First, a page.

By Features Editor, Meghna Pant
In 2009, my Mom came to visit me in New York City. We were walking in Central Park when a man came up to her and said, “I had to tell you that you are absolutely beautiful.” My Mom glanced at me, to see if the man had spoken to her by accident. It was only when he kissed her hand gently and walked on ahead, that she finally allowed herself to blush.
To be told that she was beautiful was not a new thing for my mother; we told her she was all the time. But it was rare for strangers to do it. Why? Because she was born with dark skin. In India. Which meant she had to wait fifty-eight years to be told that she was beautiful by a stranger.
I, on the other hand, was born fair. This had apparently pleased everyone: my mother’s mother-in-law, her mother, her doctor, her nurse, the hospital cleaner, her relatives, her colleagues and the sabziwallah. This was despite their obvious disappointment that I’d been born a girl. Their remarks to my mother, who was now a gold medalist graduate and had entered the exalted ranks of civil services, were in the vein of, “Thank god, your daughter does not have your skin colour.”
Despite being fair, my skin was often times slathered with Fair & Lovely and chemical bleaches by concerned help and relatives, who’d worry that my fairness was a mystical delusion that would vanish as I grew older. My brother was dark, my mother was dark, what were the chances of me remaining fair?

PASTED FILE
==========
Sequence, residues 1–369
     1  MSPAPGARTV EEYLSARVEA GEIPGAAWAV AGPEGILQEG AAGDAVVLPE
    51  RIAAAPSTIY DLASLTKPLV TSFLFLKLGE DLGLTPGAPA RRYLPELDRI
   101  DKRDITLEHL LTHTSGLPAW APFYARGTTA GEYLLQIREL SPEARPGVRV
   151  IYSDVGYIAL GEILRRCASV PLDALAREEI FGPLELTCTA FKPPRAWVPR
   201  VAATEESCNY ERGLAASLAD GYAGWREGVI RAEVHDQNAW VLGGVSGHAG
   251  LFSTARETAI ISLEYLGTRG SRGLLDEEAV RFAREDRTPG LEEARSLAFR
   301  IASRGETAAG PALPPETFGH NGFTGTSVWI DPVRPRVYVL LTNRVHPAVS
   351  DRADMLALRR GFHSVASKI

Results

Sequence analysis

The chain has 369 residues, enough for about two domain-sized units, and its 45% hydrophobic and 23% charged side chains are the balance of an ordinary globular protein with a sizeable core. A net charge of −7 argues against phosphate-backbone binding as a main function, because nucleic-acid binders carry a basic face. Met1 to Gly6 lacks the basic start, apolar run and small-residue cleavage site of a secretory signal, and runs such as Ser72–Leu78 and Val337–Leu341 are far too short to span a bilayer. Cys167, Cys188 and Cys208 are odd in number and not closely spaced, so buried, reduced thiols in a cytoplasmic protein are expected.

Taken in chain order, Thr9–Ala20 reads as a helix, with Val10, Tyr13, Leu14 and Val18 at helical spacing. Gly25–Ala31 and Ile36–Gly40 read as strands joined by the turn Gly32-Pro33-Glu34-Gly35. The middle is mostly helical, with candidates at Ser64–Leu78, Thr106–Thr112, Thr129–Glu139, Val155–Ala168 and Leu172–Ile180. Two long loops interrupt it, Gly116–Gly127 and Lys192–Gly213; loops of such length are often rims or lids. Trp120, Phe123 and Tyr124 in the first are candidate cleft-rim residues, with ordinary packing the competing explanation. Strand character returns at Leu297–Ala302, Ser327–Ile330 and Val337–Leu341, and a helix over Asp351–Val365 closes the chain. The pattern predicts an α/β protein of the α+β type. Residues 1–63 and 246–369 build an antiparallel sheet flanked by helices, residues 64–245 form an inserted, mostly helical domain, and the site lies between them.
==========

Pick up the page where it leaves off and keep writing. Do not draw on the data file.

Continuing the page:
This disturbing trend continued, as it did for most children born in the eighties, till around 1993 when Pamela Anderson with her tanned orangish skin caught the fancy of an entire nation. And when dusky-skinned Sushmita Sen in 1994 pushed the envelope by winning over the clear favourite peachy-white blue-eyed Aishwarya Rai, being dark was suddenly not as awful as before. And now we all, of course, love Nandita Das because she’s championing the cause of beauty in dark skin, and Deepika Padukone because she’s really come into her own.
Beauty is truly a relative term, not only in India but also around the world. I grew up in India being considered pretty only because – rather ridiculously – I was fair. In Switzerland, where I went to study, I was considered exotic because I was darker than the locals. In Singapore I was ugly because I was too dark. In the US I was considered cute but not beautiful because I was not dark enough. The Americans were the only ones who truly valued that ‘Dark Is Beautiful’.
We live in a nation that is most unhealthily obsessed with skin colour. Where fairness means beauty, making it the highest consumer of fairness creams and lotions.
Isn’t it time that the pot stopped calling the kettle black?